BP Secures $17 Million For Queens Parks and Libraries 

Credit: Michael Appleton/Mayoral Photography Office

By Iryna Shkurhan | ishkurhan@queensledger.com 

Queens Borough President Donovan Richards Jr. ended the city’s 2023 fiscal year with securing $10 million for parks across the borough, and $6.9 million for the Queens Public Library System. 

“It was a historic year for Queens, as we made unprecedented investments in ensuring our students receive the best education possible, our families have high-quality open space in their communities, our hospitals have state-of-the-art equipment and more,” said Richards in a press release on July 12.

The capital allocations will fund various renovations at 11 parks and playgrounds in Queens, including synthetic turf field renovations at Idlewild Park in Rosedale which received $1.5 million. Equity Park in Woodhaven, Frank O’Connor Playground in Elmhurst and St. Michael’s Playground in Woodside received $1 million each for playground updates, while Lawrence Virgilio Playground in Sunnyside was allocated $1.5 million for updates. The athletic field at Leonardo Ingravallo Playground also received $1 million. 

Twelve Queens Public Library branches will be upgraded with the near $7 million in funding secured by Richards. The Rosedale, Corona and Arverne branches will now be able to expand their facilities. The Richmond Hill, South Ozone Park, Baisley Park, and Hollis branches will undergo renovations. And the HVAC system at the Astoria branch will be upgraded. 

“Queens is the future of New York City, and I’m deeply proud of the work we are doing together as one borough to make that future as bright as possible,” said Richards, who said he will begin announcing allocations for next year in the coming weeks. “We’re just getting started, though, and I look forward to that work continuing in Fiscal Year 2024 and beyond.”

Since taking office in 2020, Richards has allocated more than $127 million in capital funding for schools, cultural organizations, healthcare facilities, CUNY colleges, community spaces and street safety improvements across the borough.

Libraries to stop collecting overdue book fees

New York City’s three public library systems will no longer charge late fees for overdue books and other materials. Additionally, all existing late fees were cleared immediately.
A number of other American cities, including San Francisco, Chicago, Philadelphia, Miami, Seattle, and Dallas, have previously made the decision to go fine free. When combined, New York City’s three library systems represent the largest municipality to eliminate fines in the country.
The decision is meant to make libraries more accessible and welcoming to New Yorkers who may have been previously dissuaded by financial penalties.
“For far too long, late fines have generated fear and anxiety among those who can least afford to pay, preventing them from opening library accounts, checking out books, or even coming
through our doors,” said Queens Public Library president and CEO Dennis Walcott. “I vividly remember as a child having late fines on my card and hesitating about going to the library when I needed it.”
In Queens, the communities with the highest number of blocked cards — Corona, Jamaica, Far Rockaway, and Elmhurst — all have median incomes below the borough average.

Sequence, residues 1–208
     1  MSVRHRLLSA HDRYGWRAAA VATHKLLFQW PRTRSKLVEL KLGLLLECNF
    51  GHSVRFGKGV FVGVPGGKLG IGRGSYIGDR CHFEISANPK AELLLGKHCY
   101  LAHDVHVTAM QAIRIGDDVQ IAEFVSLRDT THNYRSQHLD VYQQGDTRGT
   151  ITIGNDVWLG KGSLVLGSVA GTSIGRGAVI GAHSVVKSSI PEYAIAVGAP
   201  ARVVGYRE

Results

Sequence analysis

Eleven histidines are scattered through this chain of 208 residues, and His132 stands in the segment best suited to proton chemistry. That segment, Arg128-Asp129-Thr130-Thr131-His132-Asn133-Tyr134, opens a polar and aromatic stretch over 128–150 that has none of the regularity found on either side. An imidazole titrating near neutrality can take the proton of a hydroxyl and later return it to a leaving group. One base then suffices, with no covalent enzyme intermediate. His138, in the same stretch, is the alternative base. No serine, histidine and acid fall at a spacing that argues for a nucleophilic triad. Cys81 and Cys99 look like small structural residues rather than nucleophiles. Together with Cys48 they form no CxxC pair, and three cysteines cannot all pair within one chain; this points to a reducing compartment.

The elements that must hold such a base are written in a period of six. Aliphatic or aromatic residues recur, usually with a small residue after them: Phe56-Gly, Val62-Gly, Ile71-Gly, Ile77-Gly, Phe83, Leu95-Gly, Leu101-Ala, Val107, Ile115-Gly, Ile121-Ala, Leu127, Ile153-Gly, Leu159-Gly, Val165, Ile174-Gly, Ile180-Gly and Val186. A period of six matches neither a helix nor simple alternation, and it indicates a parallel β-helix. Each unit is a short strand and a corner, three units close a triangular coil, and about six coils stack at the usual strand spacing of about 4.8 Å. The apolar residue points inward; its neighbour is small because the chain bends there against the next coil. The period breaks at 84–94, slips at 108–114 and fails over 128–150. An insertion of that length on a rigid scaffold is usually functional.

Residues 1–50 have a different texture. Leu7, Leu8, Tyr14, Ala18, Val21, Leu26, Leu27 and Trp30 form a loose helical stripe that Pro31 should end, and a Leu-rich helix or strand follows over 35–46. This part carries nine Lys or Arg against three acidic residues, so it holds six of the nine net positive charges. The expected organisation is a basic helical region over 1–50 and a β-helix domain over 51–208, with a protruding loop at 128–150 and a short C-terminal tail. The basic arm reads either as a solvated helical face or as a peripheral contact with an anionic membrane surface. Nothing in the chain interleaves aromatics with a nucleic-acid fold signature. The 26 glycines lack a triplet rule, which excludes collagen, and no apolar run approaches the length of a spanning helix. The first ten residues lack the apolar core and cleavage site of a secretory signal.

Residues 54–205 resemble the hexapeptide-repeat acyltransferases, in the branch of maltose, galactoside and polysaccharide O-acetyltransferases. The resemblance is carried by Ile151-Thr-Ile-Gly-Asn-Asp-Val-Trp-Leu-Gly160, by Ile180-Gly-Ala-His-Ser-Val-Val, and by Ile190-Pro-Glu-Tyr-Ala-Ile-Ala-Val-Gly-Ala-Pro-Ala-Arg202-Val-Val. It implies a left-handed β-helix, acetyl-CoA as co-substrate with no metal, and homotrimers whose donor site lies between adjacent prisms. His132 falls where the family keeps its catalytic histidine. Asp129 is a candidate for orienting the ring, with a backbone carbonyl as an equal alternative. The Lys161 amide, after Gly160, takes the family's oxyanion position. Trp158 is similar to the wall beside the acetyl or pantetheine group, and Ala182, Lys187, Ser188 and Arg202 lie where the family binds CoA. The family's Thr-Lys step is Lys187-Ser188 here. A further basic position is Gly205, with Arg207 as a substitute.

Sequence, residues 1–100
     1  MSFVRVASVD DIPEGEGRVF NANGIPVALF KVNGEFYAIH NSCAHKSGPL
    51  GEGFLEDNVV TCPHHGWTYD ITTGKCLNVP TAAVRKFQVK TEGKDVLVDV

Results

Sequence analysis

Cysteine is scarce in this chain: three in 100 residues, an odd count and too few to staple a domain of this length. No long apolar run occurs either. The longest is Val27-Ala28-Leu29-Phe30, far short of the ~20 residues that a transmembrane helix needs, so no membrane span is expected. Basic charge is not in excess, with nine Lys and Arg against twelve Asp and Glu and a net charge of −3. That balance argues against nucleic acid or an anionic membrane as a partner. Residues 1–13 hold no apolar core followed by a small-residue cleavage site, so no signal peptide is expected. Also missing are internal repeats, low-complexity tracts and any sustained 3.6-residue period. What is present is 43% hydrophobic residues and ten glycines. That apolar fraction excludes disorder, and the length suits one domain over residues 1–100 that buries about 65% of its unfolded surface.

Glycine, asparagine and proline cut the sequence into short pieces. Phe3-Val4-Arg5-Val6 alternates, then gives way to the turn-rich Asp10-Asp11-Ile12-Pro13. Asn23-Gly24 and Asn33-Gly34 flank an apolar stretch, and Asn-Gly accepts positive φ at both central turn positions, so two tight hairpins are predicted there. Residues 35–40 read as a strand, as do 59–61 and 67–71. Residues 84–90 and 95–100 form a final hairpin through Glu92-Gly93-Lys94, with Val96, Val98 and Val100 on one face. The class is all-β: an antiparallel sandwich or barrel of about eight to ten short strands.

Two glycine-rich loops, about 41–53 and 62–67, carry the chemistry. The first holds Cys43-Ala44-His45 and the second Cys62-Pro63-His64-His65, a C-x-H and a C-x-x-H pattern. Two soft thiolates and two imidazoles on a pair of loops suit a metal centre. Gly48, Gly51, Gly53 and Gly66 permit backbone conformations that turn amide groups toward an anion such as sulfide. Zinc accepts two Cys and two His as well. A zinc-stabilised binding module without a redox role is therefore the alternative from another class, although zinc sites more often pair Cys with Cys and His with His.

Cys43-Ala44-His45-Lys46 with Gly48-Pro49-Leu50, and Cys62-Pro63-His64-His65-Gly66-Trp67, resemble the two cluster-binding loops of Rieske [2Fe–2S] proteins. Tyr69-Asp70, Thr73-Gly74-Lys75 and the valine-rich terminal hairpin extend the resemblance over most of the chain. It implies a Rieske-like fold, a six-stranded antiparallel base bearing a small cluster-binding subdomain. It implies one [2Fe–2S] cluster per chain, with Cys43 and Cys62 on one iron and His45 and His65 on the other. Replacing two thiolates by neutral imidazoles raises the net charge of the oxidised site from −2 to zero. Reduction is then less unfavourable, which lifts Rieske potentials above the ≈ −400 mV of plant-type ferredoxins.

By clearing all existing late fees, the Queens Public Library has freed approximately 25 percent of its cardholders from financial penalties. The library system hopes these new measures will spur an increase in membership and usage across its 66 locations.
“Late fines tell people they do not belong, and that shutting them out is simply the cost of doing business,” Walcott added. “This is not only unacceptable, but also totally inconsistent with our mission.”
The Queens Library will still have other measures in place to prevent property theft. Library cards will be blocked from borrowing physical materials if patrons accrue $50 in replacement fees or have 20 or more overdue items.
Even with a blocked card, patrons will still be able to access computers, e-books, and other digital services.
The Brooklyn Public Library’s (BPL) new policies closely align with those of the Queens system. BPL has eliminated all late fees, both new and existing, and will instead temporarily suspend patron’s access to certain library materials if they exceed a certain threshold of overdue materials.
Brooklyn Public Library president and CEO Linda Johnson said the majority of BPL’s patrons are either children, who predominantly use library services to assist with school work, or older adults, who may be less equipped to handle late fees and the anxiety associated with them.
BPL launched a pilot amnesty program for children in 2017, and saw a 60 percent increase in the percentage of previously blocked children and teens who checked out materials, especially in low-income neighborhoods.
“Public libraries strive to be the most democratic institutions in our society, providing all people access to the resources they need to enrich their minds and improve their lives,” said Brooklyn Public Library president and CEO Linda Johnson. “Eliminating late fines means providing truly equitable access to everything the library has to offer.”

Checking out

Dear Editor,
On Thursday, September 9, I received an email with the subject head “Maspeth Library is closed for the rest of the day due to today’;s heat conditions.”
A few days later, I received the following email: “Maspeth Library is closed for the rest of the day on Monday, September 13, due to today’s heat conditions.”
The message was sent at 2:30 p.m. The weather at that time was 84 degrees with 52 percent humidity. It was a beautiful day.
There is no reason for such closings, they are a disservice to patrons.
Roger W. Smith

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